We’ve all heard about the chicken, but why did the toad cross the road?
In the United Kingdom, a large number of roads have been created between the breeding ponds and foraging habitat of Common Toads (Bufo bufo). When toads make their annual migration between the two to breed in the spring, they come into contact with cars and other road traffic, resulting in high rates of mortality. Thousands of toads die each year when they migrate to or from their breeding ponds and are faced by roads.
Research published in 2016 showed that Common Toads have declined in Britain by nearly 70% over the past 30 years. The decline is unprecedented for such a widespread and ubiquitous species within Europe. There are a number of causes for the decline, but like most species declines, habitat loss is one of the biggest. With such a large decline in a once common species -- even with the intervention of volunteers and conservation organisations -- there are worrying signs that an unknown large-scale conservation issue may be to blame. Roadkill is undoubtedly a significant contributor to the decline of toad populations.
In the UK we have a conservation initiative called Toads on Roads, a name that nicely encapsulates what it involves. Volunteer patrollers help to move toads (and other amphibians) across roads to their breeding sites and the back again when the return migration begins. This usually takes place between late February and late April but may be extended due to colder weather. Like most temperate species, the toads use temperature as a cue (they remain inactive below 5°C).
Many ponds have been lost in the UK since the 1950's, when agricultural intensification saw a drastic change in farming practices. The associated terrestrial habitat that amphibians rely on to forage is often converted without a second thought. It is very important for the survival of adults and juveniles, as well as playing a vital role in dispersal. Increasingly, roads and residential estates are being built through prime toad habitat, placing amphibians into contact with hazards such as cats and cars.
The roads also contain hidden hazards: the drains that remove water from the road surface. When toads (and other small animals) fall into these drains, they are often unable to escape, and subsequently die due to starvation, drowning or being run over by cars. Curbs often funnel them into these drains, exacerbating the problem. Thankfully there are volunteers operation on a national level to mitigate this effect, but it is time we change how roads are built, so as to better protect wildlife from road dangers.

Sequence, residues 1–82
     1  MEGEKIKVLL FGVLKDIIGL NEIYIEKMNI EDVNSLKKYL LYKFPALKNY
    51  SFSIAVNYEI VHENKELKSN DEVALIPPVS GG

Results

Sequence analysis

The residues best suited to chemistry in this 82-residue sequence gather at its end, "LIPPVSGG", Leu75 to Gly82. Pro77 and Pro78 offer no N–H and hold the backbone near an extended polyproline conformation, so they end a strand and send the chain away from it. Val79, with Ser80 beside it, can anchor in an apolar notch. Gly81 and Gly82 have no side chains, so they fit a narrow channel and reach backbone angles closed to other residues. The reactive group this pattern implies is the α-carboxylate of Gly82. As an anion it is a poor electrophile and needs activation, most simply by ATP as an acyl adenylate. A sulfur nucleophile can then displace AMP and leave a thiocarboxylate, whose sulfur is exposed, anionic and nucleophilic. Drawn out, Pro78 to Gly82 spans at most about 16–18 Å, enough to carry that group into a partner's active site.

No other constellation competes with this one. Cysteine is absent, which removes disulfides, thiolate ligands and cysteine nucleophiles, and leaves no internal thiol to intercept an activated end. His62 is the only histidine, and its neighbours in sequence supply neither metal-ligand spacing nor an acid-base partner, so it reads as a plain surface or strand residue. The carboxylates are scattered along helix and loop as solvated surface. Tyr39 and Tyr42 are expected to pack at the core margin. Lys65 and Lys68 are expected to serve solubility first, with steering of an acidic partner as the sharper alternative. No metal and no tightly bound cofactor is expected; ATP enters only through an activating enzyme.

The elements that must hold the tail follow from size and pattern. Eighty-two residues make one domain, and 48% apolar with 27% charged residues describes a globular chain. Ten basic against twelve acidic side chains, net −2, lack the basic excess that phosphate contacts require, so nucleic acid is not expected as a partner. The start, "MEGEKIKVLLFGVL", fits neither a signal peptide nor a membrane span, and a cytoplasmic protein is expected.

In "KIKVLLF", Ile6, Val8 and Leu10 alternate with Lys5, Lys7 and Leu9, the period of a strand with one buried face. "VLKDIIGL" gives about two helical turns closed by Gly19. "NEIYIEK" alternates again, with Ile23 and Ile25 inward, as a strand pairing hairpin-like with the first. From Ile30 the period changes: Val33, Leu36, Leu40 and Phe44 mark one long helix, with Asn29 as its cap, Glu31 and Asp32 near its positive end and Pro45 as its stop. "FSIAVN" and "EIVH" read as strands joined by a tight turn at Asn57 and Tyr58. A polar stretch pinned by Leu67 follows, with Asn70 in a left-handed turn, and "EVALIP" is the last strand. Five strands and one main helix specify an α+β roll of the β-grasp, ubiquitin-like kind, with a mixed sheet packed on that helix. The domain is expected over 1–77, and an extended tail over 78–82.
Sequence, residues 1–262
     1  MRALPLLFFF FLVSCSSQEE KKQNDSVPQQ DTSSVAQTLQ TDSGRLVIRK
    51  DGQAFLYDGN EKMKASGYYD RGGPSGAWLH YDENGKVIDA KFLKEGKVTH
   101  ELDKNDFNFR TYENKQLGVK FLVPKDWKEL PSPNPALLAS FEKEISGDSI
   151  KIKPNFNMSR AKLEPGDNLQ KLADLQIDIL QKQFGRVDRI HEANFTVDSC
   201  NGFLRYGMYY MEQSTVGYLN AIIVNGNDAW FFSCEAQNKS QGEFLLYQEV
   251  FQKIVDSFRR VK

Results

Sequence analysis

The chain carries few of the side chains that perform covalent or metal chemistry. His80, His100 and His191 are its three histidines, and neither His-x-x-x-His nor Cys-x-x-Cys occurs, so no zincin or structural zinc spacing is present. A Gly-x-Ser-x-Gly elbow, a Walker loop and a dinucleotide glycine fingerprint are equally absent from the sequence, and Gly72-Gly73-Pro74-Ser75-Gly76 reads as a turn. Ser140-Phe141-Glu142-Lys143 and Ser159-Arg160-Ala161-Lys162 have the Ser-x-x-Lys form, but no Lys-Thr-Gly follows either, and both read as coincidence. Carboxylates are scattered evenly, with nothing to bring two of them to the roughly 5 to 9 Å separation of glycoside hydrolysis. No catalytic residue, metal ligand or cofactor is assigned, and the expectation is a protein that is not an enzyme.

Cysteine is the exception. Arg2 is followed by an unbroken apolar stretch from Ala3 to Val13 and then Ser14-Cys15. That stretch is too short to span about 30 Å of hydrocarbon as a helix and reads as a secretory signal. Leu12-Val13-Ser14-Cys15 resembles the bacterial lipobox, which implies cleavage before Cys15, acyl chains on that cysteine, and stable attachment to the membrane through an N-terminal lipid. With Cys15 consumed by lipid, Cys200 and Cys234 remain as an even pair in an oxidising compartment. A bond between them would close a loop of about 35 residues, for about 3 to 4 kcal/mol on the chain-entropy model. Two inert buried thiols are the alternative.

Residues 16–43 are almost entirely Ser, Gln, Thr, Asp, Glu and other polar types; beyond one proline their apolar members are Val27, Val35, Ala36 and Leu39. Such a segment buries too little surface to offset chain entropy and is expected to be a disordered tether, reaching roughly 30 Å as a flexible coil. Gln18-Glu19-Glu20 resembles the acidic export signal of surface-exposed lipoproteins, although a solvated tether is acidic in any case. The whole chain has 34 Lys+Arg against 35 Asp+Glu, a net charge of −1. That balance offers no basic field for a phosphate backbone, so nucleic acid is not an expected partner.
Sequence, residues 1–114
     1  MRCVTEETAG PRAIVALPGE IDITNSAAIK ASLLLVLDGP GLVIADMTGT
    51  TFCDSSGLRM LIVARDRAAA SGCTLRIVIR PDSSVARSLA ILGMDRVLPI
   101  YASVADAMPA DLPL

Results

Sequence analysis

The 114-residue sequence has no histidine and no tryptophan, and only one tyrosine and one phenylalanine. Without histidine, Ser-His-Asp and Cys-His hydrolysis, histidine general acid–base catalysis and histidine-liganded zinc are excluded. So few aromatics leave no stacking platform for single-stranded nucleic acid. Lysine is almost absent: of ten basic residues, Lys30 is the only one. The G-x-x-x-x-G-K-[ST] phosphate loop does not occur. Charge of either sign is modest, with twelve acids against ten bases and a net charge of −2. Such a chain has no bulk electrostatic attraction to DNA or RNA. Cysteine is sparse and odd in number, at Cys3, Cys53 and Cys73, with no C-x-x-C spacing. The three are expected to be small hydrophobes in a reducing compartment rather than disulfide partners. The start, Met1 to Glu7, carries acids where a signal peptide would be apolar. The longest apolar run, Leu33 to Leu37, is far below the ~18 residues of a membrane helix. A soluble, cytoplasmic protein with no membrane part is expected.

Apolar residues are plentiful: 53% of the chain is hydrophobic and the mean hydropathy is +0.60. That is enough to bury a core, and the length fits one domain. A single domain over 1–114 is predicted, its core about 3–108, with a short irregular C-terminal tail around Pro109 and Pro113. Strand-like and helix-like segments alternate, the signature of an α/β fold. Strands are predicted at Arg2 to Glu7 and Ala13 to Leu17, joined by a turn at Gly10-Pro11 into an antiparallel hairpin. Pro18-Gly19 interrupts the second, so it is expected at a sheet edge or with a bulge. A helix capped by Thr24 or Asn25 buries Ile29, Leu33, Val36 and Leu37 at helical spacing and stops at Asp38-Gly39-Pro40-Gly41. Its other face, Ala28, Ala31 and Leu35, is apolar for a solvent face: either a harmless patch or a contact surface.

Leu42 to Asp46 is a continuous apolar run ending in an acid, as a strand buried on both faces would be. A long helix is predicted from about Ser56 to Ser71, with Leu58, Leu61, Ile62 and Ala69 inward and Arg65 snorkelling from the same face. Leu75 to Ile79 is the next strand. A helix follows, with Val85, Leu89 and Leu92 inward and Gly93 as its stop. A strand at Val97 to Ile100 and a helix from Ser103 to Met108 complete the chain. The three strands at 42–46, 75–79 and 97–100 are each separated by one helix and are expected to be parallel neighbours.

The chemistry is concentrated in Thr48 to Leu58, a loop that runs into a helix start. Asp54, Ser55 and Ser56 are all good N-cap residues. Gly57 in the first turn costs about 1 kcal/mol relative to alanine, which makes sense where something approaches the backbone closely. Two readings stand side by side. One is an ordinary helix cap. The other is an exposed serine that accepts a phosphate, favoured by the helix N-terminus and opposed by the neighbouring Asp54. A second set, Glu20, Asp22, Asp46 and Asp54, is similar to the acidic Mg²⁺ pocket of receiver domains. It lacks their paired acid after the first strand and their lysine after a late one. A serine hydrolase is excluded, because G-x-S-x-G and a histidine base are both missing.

Common toads spawn in the ponds and lakes of their birth, meaning that the same toads return to the same ponds year after year (assuming they don’t perish between breeding seasons). Even if the pond disappears, toads will still migrate to where the pond used to be which is why they often turn up in gardens that once contained ponds. Roadside ponds may also become polluted with run-off such as pesticides, road salt and oil products all of which will have different effects on the water quality and ecosystem. This may in turn lead to the poisoning of the toads or the eutrophication of the pond. Careful management is needed to ensure that the ponds are still suitable for breeding year after year. If not, then major breeding ponds can soon become population sinks causing small localised declines. Such declines and extinctions soon add up to those observed nationally.
There are other factors that are having smaller impacts on toad populations, such as disease, and toad fly. These are not currently recognised as major threats, but they may become so in the future. Climate change is expected to make declines worse as it has the potential to facilitate disease spread and supression of the toads' immune systems. Evidence suggests that milder winters tend to cause toads to come out of hibernation in a less vigorous state. Due to the increasing mild winters across Europe, some winters will see toads that don’t hibernate as the environmental cues needed to trigger the behaviour aren’t there. During this time they use up their fat reserves as food is scarce, leading to a reduced fitness come the spring.
It’s clear that without intervention and further research, toads will continue to decline. Now is certainly time to act before this iconic and charismatic species is lost from the British landscape forever.
Steven is a Ph.D. candidate at the University of Kent, currently studying the population dynamics of Britain’s snakes. Steven has a deep passion for amphibians and his research has involved population monitoring, the effects of disease and even that of introduced species.
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